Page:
Special safari uses heat-seeking tech to reveal night-time antics of Scotland’s iconic wildlife
Using cutting-edge thermal imaging cameras, visitors will be able to see wild animals such as deer, foxes, badgers, pine martens, hedgehogs and rabbits when they would usually be hidden under cover of darkness.
Connell Outdoor Pursuits, which is based in the Dornoch area of Sutherland, will run the tours during the late evening or at night, depending on the time of year. Numbers will be restricted to three people, including children over the age of nine years old. The firm also offers a range of daylight experiences such as personalised archery and clay pigeon shooting, scenic driven tours in all-terrain vehicles, custom activity packages and local fishing.
Kurt Connell, owner of Connell Outdoor Pursuits, is also a member of Venture North, the destination management organisation that promotes responsible tourism in the far north Scottish Highlands. He said: “Our new thermal imaging wildlife safaris are a great new way for visitors to observe a range of species up close after dark, including some of our iconic Highland wildlife.”
Meanwhile, thermal imaging technology is also being used to spy on pine martens at the other end of the country as part of a trial to assess how populations of the once rare species are faring. Forestry and Land Scotland (FLS) is testing out heat-sensitive cameras as a way of monitoring the occupancy of more than 100 artificial den boxes located around Galloway Forest over the past year.
The results have been positive. Now the agency is working on plans to roll out the technology at other sites across the country to help paint a picture of pine marten populations on both local and national levels.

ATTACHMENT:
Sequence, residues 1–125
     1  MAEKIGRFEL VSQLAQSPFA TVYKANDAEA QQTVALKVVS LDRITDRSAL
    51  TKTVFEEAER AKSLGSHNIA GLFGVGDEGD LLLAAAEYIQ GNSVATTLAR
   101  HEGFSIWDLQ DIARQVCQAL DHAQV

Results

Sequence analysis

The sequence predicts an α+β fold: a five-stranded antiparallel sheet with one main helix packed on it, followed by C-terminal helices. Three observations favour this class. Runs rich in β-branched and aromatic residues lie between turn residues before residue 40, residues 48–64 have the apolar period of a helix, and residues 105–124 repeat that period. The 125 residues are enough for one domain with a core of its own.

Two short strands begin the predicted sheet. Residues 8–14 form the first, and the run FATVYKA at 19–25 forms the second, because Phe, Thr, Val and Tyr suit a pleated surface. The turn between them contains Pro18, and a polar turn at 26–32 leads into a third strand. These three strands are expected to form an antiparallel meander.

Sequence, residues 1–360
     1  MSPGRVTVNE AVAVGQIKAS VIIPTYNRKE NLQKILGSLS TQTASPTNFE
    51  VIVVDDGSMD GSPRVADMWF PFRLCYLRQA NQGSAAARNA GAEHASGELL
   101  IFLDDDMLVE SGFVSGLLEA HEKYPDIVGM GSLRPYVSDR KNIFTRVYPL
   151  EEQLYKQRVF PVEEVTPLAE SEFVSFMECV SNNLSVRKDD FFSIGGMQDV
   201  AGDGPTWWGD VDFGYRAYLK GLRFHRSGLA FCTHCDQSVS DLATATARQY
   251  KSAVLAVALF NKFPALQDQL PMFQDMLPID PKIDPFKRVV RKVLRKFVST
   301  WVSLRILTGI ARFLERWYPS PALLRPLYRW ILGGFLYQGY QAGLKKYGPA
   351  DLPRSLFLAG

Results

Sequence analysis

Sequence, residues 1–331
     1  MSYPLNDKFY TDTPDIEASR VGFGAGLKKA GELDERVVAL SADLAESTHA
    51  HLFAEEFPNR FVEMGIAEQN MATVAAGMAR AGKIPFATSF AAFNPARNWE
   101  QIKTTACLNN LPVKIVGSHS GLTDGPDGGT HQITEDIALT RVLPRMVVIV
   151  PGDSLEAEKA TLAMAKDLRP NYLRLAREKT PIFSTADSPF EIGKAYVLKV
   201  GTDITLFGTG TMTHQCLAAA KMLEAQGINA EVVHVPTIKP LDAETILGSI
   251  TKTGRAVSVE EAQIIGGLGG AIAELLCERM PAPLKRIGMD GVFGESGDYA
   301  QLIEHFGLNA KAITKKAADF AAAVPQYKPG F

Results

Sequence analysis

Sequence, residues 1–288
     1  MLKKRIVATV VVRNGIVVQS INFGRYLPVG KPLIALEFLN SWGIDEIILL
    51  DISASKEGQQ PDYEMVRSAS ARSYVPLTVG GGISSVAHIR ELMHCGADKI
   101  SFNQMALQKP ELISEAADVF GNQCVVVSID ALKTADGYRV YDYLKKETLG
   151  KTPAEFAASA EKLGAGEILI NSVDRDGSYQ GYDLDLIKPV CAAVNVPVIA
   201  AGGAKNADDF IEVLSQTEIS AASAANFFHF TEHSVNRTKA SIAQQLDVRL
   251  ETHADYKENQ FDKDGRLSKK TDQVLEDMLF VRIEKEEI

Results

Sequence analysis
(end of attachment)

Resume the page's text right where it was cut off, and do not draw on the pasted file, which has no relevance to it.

The cameras can detect a heat source inside the den boxes at any time of year, which is especially useful during crucial periods such as spring, when pine marten kits are born, and also in winter, when den boxes are used for shelter in harsh weather.
Using the non-invasive technology to identify whether pine martens are using the boxes means FLS workers no longer need to open each one to check for occupancy, which can disturb and cause stress for the animals housed inside.
A significant increase in the local pine marten population has been recorded during the Galloway project over the past 12 months. Several factors are thought to be behind the rise in numbers, including installation of the den boxes, an increase in voles in the area – one of the main food sources for pine marten – and good forest management.
“We have seen the most productive year for pine marten kits being born in Galloway Forest,” said Kim Kirkbride, environment forester at FLS. “Having a bountiful food supply means more pine martens are able to produce offspring.
“The new thermal imaging technology ensures we can identify how many den boxes are in use over crucial times of the year. What’s even better is that we can monitor the den boxes at a safe distance, so we are not disturbing any occupants.”
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